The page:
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Harry Sidhu, Anaheim City Council Member

Bringing Our Community Together at This Special Time of Year

Anaheim, CA, Nov.25, 2009
By Anaheim City Council Member, Harry Sidhu

On Thanksgiving Day, my family and I will once again be volunteering at the Annual Free Thanksgiving Day Dinner Event hosted by Honda Center, the Anaheim Ducks, and We Give Thanks, Inc.

For the past twenty-two years, La Casa Garcia Restaurant and We Give Thanks, Inc., a nonprofit charitable organization founded by restaurateur and philanthropist Frank Garcia, have been serving free Thanksgiving Dinners to those in need in the greater Orange County region. Honda Center has hosted the event for the past three years.

Through the ongoing generous support of individual donors, corporate sponsors, and hardworking volunteers, the We Give Thanks mission of bringing our community together continues… with over 20,000 expected to attend this Thanksgiving.

At this special time of year, I share these timeless words of President Ronald Reagan: “Thanksgiving has become a day when Americans extend a helping hand to the less fortunate. Long before there was a government welfare program, this spirit of voluntary giving was ingrained in the American character. Americans have always understood that, truly, one must give in order to receive. This should be a day of giving as well as a day of thanks.” [Excerpt from Thanksgiving Day Proclamation 1981 - President Ronald Reagan.]

In sincere appreciation and gratitude,


Anaheim Family Justice Center: Delivering Compassionate Action in Orange County

At this special time of Thanksgiving, the following words of Theodore Roosevelt bear repeating: “Let us remember that, as much has been given us, much will be expected from us, and that true homage comes from the heart as well as from the lips, and shows itself in deeds.” The Anaheim Family Justice Center (AFJC), which recently celebrated its third anniversary, exemplifies how the meaning of these words may be demonstrated through deeds of compassionate action for the good of others.

The AFJC, located at 150 West Vermont Avenue, is the first of its kind in Orange County. By compassionately providing effective, coordinated services and support to people whose lives have been impacted by child abuse, domestic violence, elder/dependent adult abuse or sexual assault, AFJC makes a long-term positive impact on the community. Free services available to every individual who walks through the door include counseling, court support, law enforcement assistance, legal aid, emergency housing, safety planning, support groups, victim compensation, short term childcare, prosecution assistance, transportation, victim advocacy and spiritual support referrals. On-site partners include: Anaheim Police Department; Anaheim City Attorney’s Office; Orange County District Attorney’s Office; Orange County Social Services; CSP Victim Assistance Programs; Women’s Transitional Living Center (WTLC); and Chapman University School of Law (Family Violence Legal Clinic).

It all began with an innovative concept brought to Anaheim by Police Chief John Welter. A multidisciplinary approach would be used to improve victim safety, interagency communication, information sharing, collaboration, and cooperation with community partners. What developed was a shared vision of creating a one-stop help center - a safe, confidential and friendly place of assistance. Through the leadership and support of the Anaheim City Council, City Manager, AFJC Foundation and Advisory Board, along with vital community support, the AFJC became a reality in October 2006. As explained by Chief Welter: “The responsibility for the prevention of domestic violence, child abuse, sexual assault, and elder/dependent adult abuse does not rest with any single individual, group, agency, or organization. It is a responsibility shared by all of our Community Members and Partners.”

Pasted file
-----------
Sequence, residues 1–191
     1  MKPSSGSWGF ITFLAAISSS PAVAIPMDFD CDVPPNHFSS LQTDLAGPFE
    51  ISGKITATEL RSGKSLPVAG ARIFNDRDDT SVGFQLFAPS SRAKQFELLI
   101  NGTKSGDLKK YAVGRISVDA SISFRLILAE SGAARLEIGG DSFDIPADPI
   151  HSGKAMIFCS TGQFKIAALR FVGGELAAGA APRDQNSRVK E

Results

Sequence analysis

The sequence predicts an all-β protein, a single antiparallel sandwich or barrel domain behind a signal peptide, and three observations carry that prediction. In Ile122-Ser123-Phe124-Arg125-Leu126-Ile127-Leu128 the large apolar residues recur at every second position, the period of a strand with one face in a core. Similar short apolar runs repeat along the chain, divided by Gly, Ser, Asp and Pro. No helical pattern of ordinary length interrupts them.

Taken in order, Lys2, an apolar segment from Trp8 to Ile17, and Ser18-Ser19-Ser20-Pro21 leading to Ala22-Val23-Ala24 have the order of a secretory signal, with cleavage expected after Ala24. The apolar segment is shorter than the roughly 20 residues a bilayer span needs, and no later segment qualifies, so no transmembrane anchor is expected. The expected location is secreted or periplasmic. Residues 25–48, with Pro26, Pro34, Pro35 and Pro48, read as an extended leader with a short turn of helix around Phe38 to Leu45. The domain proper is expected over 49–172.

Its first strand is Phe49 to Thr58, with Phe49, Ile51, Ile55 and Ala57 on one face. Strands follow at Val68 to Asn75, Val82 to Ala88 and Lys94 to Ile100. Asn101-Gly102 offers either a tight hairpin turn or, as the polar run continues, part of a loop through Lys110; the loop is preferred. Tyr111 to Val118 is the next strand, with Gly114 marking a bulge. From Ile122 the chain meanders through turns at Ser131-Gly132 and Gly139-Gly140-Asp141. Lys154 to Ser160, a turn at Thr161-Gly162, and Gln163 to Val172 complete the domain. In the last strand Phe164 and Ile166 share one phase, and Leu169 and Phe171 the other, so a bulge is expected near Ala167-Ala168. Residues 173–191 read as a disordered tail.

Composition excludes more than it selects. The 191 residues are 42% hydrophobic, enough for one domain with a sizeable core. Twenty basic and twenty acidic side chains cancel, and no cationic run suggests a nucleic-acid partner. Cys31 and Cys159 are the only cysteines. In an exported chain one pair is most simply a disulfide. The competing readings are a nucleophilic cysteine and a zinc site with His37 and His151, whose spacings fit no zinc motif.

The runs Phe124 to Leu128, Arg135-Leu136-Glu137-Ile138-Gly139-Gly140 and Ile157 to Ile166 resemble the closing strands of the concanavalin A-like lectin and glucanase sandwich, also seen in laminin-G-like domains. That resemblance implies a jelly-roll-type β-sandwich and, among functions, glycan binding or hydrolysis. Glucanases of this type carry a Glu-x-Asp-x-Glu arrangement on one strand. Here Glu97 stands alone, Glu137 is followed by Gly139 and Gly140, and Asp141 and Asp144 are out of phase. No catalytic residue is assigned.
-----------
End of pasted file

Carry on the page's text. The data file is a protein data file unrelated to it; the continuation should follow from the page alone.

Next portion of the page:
During the AFJC third anniversary celebration, Chief Welter stated that half of Anaheim ’s homicides tragically result from domestic issues. “Can you visualize what it’s like to grow up in a household where violence in commonplace?” he asked. “We must stop the cycle.” “This center isn’t just about treating and serving victims,” noted Chief Welter. “It’s about preventing crime.”

Exact statistics on how many are victims of domestic violence every year are hard to come by, largely because most women who experience domestic violence are reluctant to seek out help, making it an under-reported crime. Based a survey taken in 2000 by the California Department of Health Women’s Health Project, about six percent of California’s women (approximately 700,000) have been victims of domestic violence. According to the now defunct OC Almanac, there were a total of 12,796 domestic violence-related calls for assistance in Orange County in 2003. The year before, there had been 12,233 calls, and in 2001 there were 11,896 calls. If those years are any indication, then, sadly, domestic violence continues to be on the increase in Orange County.

The AFJC continues to be a major priority of the Anaheim Police Department. “As a police organization, we are committed to do as much as possible to break the cycle of family crime that inevitably then results in a more violent society,” said Chief Welter. “We seek to develop a true multidisciplinary approach to the prevention of, and response to, these serious crimes.”

On a broader scale, domestic abuse affects us all. Family violence contributes to many social, educational and health problems in the United States . We have no idea what the annual cost to the nation is today - which is all the more reason why we need more facilities like AFJC delivering compassionate action in Orange County.